Diversity Spotlight: Dr. Adam Farero

October 30, 2020

Spotlight Dr. Adam Farero earned his PhD from the Department of Human Development and Family Studies in December 2019. Since then, Adam has accepted a fixed-term faculty position within the department, where he serves as a full-time assistant professor and researcher.


Born and raised in Michigan, Adam traveled to Nebraska to earn his Master's degree. While he was unsure about his career path early on, he found his calling as a couple and family therapist. 

Throughout my life, I've always been the one that my friends could go to with things they were struggling with. I love being able to reach out and help people, and I felt that one of the best ways to do that as a career was to become a family therapist.

I went to Nebraska fully with the intention of getting my Master's Degree and then starting my own practice, but along the way, I discovered that I have a love for research. That's what brought me to MSU in the HDFS PhD program - I wanted to make a difference on a bigger scale than just one family at a time. I wanted to conduct research that helps families and couples find their inner strength and resilience. 


Currently, Adam serves as a fixed-term assistant professor in the MSU Department of Human Development and Family Studies. While teaching is a part of his job description, he is also instrumental to many research projects within the department. 

The department chair, Dr. Adrian Blow, was really what brought me to MSU. I wanted to do research about resiliency within military families, and much of his research aligned with this focus. As a student, I was able to be the project manager on one of his research grants funded by the Department of Defense, which took a longitudinal approach to studying why some military families flourished while others did not.

I am now working with Dr. Blow on a few more grant applications, while also working on disseminating some of the findings from the Department of Defense grant. I've also joined a grant with Dr. Chris Sullivan in the MSU Department of Psychology, which looks at homelessness in domestic violence survivors, to help with quantitative methods and analysis.

Overall, I'm very engaged in research. I'm still trying to write my first grant and get NIH-funded. While writing grant applications feels like writing a whole new dissertation, it's worth it when thinking about the difference I can potentially make in the world through this research. 


Adam is a member of the Bay Mills Indian Community Tribe, which helped fund his undergraduate education and has supported him throughout his academic journey. He hopes to give back to the community through research on strength and resilience within couples and families.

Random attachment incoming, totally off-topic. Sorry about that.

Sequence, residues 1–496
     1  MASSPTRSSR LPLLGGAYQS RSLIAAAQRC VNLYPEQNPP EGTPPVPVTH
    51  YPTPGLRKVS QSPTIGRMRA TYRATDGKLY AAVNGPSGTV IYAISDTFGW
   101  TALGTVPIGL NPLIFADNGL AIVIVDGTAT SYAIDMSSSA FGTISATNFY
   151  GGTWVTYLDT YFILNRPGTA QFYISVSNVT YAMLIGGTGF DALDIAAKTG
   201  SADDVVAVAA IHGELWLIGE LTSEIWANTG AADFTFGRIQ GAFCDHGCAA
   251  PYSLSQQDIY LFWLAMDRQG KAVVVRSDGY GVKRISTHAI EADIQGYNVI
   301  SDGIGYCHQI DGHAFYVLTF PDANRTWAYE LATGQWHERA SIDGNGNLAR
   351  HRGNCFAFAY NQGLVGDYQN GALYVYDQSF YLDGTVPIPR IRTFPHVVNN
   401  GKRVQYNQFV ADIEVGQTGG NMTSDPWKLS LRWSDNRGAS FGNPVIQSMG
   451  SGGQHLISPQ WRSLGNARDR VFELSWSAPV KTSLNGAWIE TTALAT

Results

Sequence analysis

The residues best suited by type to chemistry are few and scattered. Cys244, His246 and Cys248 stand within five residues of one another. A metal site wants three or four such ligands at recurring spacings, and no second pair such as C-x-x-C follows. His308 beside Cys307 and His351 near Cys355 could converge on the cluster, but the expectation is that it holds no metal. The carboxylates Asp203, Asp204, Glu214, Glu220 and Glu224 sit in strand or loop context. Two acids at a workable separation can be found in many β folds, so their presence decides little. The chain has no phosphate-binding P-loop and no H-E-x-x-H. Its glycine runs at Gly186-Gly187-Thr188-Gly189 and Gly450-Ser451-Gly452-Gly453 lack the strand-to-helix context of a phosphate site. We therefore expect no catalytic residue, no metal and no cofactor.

My father is Native American, and grew up as a member of the Bay Mills Indian Community living with his family near the reservation. Even though he moved away before I was born, I was able to experience the culture through my extended family and my childhood experiences growing up. Honestly, if it wasn't for my tribe, I would not be here today. They paved the way for me to find out who I am, and their support has largely shaped who I am today. 

My ultimate dream is to take these ideas of strength and resilience and apply them to Native American communities and families. There's so much strength present in Native American cultural heritage and history, and I want to help families realize this and utilize their strengths to flourish. My goal is to find funding and provide the same strength-based approach we use with military families to Native American communities.

When I went into research, I started seeing that, on a broader scale, there are so many positive traits that allow couples and families to work. And when we focus on the positives and what works successfully for people, it creates an opportunity for more people to realize they have that strength in themselves as well, and be able to endure adversity and challenges and still find happiness and joy. 


Lastly, Adam shares what he wishes more people would understand about Native American history and heritage. 

There are more in-group differences than between-group differences. We tend to lump Native Americans together now, but there are so many tribes and so many unique cultural differences. I think being able to give voice to all different kinds of experiences is meaningful, as there is not one common way that Native Americans experience their culture.


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We strive to cultivate an inclusive and welcoming college environment that celebrates a diversity of people, ideas, and perspectives.

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